Book of The Week- Edge of Chaos

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‘Why Democracy is Failing to Deliver Economic Growth- and How to Fix It’

Gaurav Dhankar

Last week, I read a book – Edge of Chaos: Why Democracy is Failing to Deliver Economic Growth – and How to Fix It, by Dambisa Moyo. Edge of Chaos is the fourth book by Dambisa Moyo after Winners Take All, How the West Was Lost, and Dead Aid. In this book, Dambisa has made an attempt to answer the question – Why democracy is failing to deliver economic growth and how to fix it? The following is a short summary of the book.

In the first chapter – The Imperative of Growth, she argues that the economic growth is important for prosperity. Stagnation negatively impacts numerous social, health, environmental, and political problems. Growth enhances the living standard of individuals and society in three ways. Firstly it offers the individual an opportunity to improve their livelihood. Secondly, growth allows individuals to have a wider impact on society. Finally, growth also helps in increasing transparency in the political system. Conversely, the absence of growth increases social tensions. Overall economic growth is important for the success, survival, and stability of a nation. With that, she moves on to the measurement of growth and criticizes GDP as it fails to capture the black market and changes in the economy. Furthermore, GDP also fails to capture the non-monitory form of economic progress and distribution of income. Hence, the endgame of public policy should be progress and improved living standard rather than GDP growth for growth’s sake.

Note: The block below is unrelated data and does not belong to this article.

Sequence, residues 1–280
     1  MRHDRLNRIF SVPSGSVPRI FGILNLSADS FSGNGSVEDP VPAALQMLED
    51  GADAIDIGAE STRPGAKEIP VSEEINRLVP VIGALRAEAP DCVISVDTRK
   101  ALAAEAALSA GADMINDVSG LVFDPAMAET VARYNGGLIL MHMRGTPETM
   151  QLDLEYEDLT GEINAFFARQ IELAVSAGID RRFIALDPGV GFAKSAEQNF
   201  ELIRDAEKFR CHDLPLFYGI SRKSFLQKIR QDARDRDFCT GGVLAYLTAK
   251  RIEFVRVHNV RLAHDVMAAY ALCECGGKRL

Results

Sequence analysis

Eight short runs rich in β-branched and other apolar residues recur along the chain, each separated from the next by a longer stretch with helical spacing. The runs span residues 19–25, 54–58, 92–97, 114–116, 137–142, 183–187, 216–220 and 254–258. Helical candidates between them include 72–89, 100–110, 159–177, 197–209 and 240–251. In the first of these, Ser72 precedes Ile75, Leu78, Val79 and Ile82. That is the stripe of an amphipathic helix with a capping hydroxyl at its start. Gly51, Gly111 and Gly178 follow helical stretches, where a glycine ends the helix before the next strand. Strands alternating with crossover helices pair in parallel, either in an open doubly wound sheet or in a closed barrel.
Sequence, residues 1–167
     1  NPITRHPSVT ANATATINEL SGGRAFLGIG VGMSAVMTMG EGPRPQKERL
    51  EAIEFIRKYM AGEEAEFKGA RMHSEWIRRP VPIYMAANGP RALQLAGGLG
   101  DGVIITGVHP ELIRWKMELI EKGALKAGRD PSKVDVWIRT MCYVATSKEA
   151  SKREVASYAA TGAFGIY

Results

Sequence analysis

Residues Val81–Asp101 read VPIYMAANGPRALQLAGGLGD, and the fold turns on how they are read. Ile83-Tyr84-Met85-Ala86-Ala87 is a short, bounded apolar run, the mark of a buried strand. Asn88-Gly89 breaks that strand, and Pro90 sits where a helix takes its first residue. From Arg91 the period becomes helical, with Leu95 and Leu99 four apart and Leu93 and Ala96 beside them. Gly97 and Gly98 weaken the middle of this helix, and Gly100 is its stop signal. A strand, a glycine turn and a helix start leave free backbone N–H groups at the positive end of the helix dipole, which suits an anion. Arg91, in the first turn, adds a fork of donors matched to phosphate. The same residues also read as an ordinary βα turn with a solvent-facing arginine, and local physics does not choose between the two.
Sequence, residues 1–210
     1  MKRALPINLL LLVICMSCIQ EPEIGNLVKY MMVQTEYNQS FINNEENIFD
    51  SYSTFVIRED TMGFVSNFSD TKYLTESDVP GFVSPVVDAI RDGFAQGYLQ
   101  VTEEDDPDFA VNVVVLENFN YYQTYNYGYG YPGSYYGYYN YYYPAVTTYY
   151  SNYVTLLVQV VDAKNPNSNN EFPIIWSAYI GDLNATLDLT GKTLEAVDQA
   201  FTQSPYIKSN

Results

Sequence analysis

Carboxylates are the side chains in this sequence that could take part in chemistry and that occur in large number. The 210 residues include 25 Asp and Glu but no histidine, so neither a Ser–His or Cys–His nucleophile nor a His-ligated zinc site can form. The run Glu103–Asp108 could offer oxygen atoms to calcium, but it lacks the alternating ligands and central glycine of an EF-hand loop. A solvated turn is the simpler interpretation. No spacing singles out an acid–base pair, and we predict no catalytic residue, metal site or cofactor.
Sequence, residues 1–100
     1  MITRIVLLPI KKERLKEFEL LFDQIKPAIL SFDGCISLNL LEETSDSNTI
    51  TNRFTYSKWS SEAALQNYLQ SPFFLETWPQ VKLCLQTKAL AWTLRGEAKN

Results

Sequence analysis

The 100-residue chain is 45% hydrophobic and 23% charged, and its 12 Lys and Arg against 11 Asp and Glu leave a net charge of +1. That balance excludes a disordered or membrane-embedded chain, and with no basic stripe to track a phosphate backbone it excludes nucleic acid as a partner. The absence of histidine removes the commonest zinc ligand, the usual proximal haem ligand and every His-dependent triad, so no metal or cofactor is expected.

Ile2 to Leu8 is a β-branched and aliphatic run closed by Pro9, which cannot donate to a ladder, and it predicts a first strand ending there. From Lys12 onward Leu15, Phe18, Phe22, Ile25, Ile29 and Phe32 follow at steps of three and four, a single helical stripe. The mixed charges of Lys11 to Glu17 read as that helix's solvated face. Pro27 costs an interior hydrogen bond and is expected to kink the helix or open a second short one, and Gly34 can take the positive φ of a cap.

In chapter two – The Brief History of Growth, Dambisa deconstructs the history of growth in Argentina, the USA, China, and Japan. All four countries are uniquely placed in terms of present-day economy and natural resources. All of these countries traversed the arc of economic growth from agrarian to manufacturing and then research development. The key drivers of economic growth have been demographic shifts and productivity linked with improved efficiency. A common thread running through the stories of these countries is strong and trustworthy institutions and these include civil services, judiciary, and police. All of these have attracted a good investment. These provide a foundation for innovation, investment, and finally growth.

In chapter three – Hurricane Headwinds, she talks about the challenges faced by economies in the highly globalised world. These challenges are debt, scarce natural resources, misallocation of resources (concerning capital), worsening inequality, declining quantity and quality, total factor productivity due to the counterintuitive effect of technology, and declining efficiency. Hence threat to democracy is income and political inequality. Ultimately, it becomes very difficult to sustain growth as a result more and more countries get in the False Promise of Protectionism (chapter – 4) and that leads to a vicious cycle of isolation at the global and local levels impacting global peace. This is what is called de-globalization – restricting the flow of capital, trade, people (labor), and ideas causing myopic policy decision making. Protectionism forces businesses to adopt more local models than global significantly impact inflation and in such a scenario governments are more likely to favor local champions through tax breaks. This situation poses A Challenge to Democracy’s Dominance (chapter five). As the promises of democracy remain unfulfilled more and more emerging nations feel attracted to the promising Chinese models of state-led capitalism.